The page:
About 10 years ago, this virus battery made some headlines. It didn’t die, the paper has been cited a hundred times in the intervening time. But it’s not something you’re going to find in your next cell phone or next year’s electric vehicle. So what would make this kind of battery so awesome, and why are viruses even relevant? It’s not the biological properties of the virus, it’s the chemical properties. It has the right surface to grow the Manganese oxide, and it has the right dimensions to make nanorods.
Probably a chemical method could be developed to synthesize things with the right surface and dimensions in bulk. Non-templated growth is possible though I imagine it would be very hard to get the exact properties right.
But if you did need to develop a ton of bacteriophage to use as a battery material, how would you do it? That reminds me of bacteriophage therapeutics. Medicine faces the same problem: how to grow a ton of phage without bacterial garbage contamination. A recent review talked about the production of phage. The biggest reactor they found was 8L (about 2 gallons).
I have not read any except “Vicious,” which I liked. Good list. Favorite candidate to read next: Jo Walton’s Among Others.
This is exciting. Great summary of some of the current aging research and what it might mean.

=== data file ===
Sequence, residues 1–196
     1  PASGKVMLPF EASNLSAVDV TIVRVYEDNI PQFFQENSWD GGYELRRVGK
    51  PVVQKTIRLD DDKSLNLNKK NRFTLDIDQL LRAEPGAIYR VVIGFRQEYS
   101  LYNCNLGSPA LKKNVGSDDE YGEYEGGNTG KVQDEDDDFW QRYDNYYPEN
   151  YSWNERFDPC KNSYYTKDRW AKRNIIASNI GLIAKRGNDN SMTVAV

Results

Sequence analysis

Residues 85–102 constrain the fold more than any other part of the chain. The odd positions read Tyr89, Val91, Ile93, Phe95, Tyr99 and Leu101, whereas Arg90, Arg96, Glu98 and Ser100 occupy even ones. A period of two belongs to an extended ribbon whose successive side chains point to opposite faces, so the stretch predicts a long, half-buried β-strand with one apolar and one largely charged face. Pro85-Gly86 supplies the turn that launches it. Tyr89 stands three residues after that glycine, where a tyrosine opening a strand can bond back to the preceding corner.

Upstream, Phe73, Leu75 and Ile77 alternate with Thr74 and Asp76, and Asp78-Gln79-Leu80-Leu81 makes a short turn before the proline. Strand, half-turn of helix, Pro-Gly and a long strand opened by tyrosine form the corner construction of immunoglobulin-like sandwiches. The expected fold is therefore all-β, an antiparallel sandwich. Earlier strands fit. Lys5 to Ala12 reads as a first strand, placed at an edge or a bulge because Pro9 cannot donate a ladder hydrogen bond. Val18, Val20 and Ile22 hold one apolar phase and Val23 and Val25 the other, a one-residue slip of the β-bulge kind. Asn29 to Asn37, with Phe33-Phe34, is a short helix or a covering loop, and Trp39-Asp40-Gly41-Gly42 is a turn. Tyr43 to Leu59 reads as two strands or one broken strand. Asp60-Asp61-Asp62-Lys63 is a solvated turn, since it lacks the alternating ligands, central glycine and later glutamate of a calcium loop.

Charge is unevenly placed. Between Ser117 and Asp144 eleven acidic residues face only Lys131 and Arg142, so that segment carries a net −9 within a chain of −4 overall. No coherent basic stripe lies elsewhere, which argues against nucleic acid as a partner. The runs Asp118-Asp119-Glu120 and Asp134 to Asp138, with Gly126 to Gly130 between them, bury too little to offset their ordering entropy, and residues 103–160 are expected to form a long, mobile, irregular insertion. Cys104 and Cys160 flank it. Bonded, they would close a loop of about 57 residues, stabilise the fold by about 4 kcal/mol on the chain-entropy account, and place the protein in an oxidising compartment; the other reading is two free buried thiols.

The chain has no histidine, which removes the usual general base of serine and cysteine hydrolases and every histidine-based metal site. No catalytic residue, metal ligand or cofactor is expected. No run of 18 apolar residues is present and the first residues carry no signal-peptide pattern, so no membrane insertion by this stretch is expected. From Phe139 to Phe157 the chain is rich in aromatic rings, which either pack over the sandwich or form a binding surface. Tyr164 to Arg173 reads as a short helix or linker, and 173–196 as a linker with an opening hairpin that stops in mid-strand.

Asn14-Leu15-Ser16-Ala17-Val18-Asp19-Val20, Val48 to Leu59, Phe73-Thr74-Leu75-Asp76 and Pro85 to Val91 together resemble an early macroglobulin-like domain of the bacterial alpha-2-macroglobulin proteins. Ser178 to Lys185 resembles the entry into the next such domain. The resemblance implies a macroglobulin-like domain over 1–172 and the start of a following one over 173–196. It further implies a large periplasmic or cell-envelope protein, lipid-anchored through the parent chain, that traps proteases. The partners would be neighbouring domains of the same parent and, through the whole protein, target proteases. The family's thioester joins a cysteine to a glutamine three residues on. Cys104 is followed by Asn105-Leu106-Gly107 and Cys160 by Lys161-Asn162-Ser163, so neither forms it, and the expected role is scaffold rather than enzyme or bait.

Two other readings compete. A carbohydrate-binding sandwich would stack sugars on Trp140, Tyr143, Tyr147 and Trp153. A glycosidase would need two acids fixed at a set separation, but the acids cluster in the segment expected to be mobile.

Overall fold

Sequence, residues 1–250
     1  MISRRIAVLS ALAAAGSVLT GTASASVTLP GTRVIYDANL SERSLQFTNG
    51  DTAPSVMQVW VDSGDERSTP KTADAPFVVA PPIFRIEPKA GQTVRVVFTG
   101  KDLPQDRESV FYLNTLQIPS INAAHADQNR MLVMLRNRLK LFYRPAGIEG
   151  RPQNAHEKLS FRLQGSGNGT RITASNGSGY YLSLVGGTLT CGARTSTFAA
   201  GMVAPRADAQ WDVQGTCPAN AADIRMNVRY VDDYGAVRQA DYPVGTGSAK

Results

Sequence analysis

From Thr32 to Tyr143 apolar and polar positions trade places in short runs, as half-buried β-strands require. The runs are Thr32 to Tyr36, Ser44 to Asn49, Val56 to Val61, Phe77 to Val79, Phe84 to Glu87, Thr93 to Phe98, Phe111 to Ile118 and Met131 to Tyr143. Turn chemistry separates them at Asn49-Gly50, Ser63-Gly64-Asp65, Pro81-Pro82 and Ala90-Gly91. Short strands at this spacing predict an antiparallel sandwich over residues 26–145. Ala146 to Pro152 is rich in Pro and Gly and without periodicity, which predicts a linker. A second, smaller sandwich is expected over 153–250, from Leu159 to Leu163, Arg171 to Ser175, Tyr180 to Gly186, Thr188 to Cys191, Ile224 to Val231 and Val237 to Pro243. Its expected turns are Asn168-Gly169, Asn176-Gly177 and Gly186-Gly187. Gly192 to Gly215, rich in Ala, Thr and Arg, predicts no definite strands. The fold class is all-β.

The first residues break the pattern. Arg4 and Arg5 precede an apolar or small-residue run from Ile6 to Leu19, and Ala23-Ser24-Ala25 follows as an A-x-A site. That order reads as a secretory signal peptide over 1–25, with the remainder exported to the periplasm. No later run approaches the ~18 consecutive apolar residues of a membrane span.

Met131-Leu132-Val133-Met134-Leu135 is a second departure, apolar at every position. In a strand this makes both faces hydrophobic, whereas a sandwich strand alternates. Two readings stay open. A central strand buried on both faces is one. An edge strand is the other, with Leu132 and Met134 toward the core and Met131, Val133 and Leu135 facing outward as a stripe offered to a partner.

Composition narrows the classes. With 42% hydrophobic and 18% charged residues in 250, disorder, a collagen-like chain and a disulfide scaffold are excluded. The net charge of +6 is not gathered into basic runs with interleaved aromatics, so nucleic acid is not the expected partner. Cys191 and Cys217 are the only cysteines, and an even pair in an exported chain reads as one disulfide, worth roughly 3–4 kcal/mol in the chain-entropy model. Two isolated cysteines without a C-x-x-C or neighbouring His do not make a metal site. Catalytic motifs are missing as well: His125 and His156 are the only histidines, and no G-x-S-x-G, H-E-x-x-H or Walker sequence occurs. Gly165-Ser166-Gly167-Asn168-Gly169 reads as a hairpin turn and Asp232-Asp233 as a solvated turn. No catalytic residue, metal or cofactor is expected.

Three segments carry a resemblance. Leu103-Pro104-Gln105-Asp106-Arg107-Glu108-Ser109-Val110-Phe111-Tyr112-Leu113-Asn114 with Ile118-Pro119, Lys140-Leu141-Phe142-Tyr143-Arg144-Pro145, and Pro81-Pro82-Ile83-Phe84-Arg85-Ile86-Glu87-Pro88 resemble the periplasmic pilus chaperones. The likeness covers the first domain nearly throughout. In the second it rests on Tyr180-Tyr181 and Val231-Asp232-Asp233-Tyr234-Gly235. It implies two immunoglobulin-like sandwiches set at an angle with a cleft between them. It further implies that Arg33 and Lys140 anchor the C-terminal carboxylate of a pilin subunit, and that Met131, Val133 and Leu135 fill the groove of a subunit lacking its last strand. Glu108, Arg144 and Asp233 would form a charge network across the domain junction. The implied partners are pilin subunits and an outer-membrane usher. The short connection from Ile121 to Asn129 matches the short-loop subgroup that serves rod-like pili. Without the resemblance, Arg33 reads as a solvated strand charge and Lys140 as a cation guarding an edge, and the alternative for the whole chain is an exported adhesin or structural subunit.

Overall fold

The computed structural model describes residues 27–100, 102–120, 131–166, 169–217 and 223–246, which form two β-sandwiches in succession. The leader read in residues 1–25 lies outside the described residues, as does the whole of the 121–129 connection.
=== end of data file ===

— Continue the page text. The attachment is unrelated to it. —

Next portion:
Researchers are hijacking the cell’s protein-disposal system in the fight against Alzheimer’s and intractable cancers. https://t.co/KS1EC9xD7g
— Nature News & Comment (@NatureNews) December 24, 2019
I liked the comic at the start of this article – like a political comic but for SCIENCE. The article is about proteolysis-targeting chimeras, or PROTACs, that degrade specific proteins. They look like dumbbells. There’s a big push for PROTAC drug research. It was called a Gold Rush in 2015.
Here’s how the pro-tac system works in a lab model example. You have a small molecule that binds to TAG and Ubiquitin ligase (UL). TAG-protein will be degraded after it gets pulled together with UL. So the small molecule will cause TAG-protein to be selectively degraded. Now, use genetic engineering (with CRISPR) to add TAG to whatever protein you want to modulate.
This is such a good idea!
These are great and worth checking out.
Why do batteries die? Lithium-ion batteries fail because they have side reactions at high temperatures. It’s not about the number of cycles, it’s about the total time at a high temperature.
These tools look like a lot of fun. It’s ~$350 for the seaboard alone. The light blocks are additional. ZenAudio ALK software for live looping is ~$50. And, for me, I would need a few years of music lessons to use it. It’s great to watch, though.
I drew a new comic for you. It’s right here. pic.twitter.com/3TASBUQT7n
— Joe Decie (@joedecie) December 16, 2019